The state of Mecklenburg-Vorpommern counts 2,000 castles and manor houses, many of which not only offer an impressive sight, but also a range of exciting experiences. From tests of courage and thrills at dizzying heights, to concerts and readings in unique historical settings, to papier-mâché classes and moonlight hikes. In Mecklenburg-Western Pomerania, there is sure to be a castle for all occasions.
On calm days, you might think that there are two castles in the center of Mecklenburg-Vorpommern's state capital. That is, when the smooth surface of Lake Schwerin reflects an exact replica of the pointed towers, mullioned windows and sandstone-colored facade of Schwerin Castle. Surrounded by water and modeled on French Renaissance castles, Schwerin Castle is considered the most famous in Mecklenburg-Vorpommern.
The history of the impressive magnificent building dates back to the 10th century. Thanks to two major building phases in the 16th and 19th centuries, the complex became the impressive architectural backdrop that today attracts many visitors to the offshore island in Lake Schwerin. The museum inside the palace features 19th-century paintings, sculptures and handicrafts. Visitors can stroll through the grand apartments and soak up the staged atmosphere of the past. Guests should also be sure to allow time for a stroll through the park surrounding the palace, which includes an orangery, grotto, and pretty collonade courtyard.
Next to Schwerin Castle, Willigrad Castle, located on the western shore of Lake Schwerin, often receives little attention. Quite wrongly. Situated above the steep bank, guests here not only enjoy an outstanding view over the lake, but the impressive neo-Renaissance building also houses the Wiligrad Art Association, which has made a name for itself internationally as a platform for contemporary painting, graphics and sculpture with more than 200 exhibitions since its founding in 1990. In addition to the exhibitions, the association also organizes series of events such as "Jazztime trifft Kunst," which has been held on the castle's terrace since 2015. Readings are also held in the castle complex, which was built in 1900 - an experience in a very special atmosphere. The castle is nestled in a garden landscape restored according to the original plans, whose mighty rhododendron groves bloom colorfully in summer.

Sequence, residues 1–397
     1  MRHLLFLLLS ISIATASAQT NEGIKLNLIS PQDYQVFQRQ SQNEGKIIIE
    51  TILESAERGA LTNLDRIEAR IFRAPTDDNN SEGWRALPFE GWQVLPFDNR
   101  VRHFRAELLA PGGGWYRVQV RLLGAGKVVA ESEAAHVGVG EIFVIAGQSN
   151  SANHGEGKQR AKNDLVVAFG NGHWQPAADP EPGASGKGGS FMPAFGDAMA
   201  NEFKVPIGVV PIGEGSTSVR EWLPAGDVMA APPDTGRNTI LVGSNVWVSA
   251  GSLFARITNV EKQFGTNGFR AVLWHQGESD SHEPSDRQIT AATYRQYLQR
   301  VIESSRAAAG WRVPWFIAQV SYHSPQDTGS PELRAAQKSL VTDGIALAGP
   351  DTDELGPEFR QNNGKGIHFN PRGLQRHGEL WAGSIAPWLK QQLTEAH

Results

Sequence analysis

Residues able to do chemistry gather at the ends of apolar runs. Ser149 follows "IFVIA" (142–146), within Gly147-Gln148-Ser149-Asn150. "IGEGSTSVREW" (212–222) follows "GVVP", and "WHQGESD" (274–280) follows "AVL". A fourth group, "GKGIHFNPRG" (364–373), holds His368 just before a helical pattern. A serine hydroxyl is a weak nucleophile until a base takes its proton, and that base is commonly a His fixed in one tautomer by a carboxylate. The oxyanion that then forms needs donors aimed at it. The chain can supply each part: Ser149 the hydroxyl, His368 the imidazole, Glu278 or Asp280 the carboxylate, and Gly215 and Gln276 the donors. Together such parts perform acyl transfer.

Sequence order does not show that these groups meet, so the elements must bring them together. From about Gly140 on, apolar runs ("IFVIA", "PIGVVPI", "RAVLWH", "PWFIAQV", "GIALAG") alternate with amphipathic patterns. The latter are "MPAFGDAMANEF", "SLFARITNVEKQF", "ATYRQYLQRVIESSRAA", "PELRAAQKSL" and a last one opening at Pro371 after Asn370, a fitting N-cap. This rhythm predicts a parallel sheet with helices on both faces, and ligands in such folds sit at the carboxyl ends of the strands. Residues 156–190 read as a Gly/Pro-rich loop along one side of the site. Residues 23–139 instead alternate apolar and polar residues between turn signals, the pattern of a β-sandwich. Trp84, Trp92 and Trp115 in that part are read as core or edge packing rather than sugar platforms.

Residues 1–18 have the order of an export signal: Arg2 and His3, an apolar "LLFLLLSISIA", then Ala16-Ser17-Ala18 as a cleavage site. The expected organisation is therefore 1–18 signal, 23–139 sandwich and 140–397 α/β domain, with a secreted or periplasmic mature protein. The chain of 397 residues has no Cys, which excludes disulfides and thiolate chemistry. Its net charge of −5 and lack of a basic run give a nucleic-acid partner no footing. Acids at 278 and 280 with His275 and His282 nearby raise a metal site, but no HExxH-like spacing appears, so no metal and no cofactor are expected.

Mirow Castle is located on a small island in Lake Mirow in the Mecklenburg Lake District. Anyone who catches sight of the yellow castle among the trees will probably find it hard to imagine that no less a person than Queen Charlotte, the Queen of Great Britain, grew up in such a modest and down-to-earth-looking castle. In 1761, the then princess spent her last night in Mirow Castle and then traveled to Great Britain to marry the English King George.
Mirow Castle is special for another reason: it is the last monument in which the ducal residential culture of the Mecklenburg-Strelitz dynasty has been preserved. This makes the castle of irreplaceable value for cultural history, which guests can learn about today in the castle's own museum. After visiting the palace, visitors can explore the park grounds of the palace along winding paths. Baroque avenues and a love island invite visitors to take a stroll, and if that's not enough, the castle island also features a Renaissance gatehouse, a Johanniter church, the family crypt of the Strelitz ducal house, a Baroque cavalier's house and a café. Guests can also hop on a steamer from the jetty and take a tour of the lake.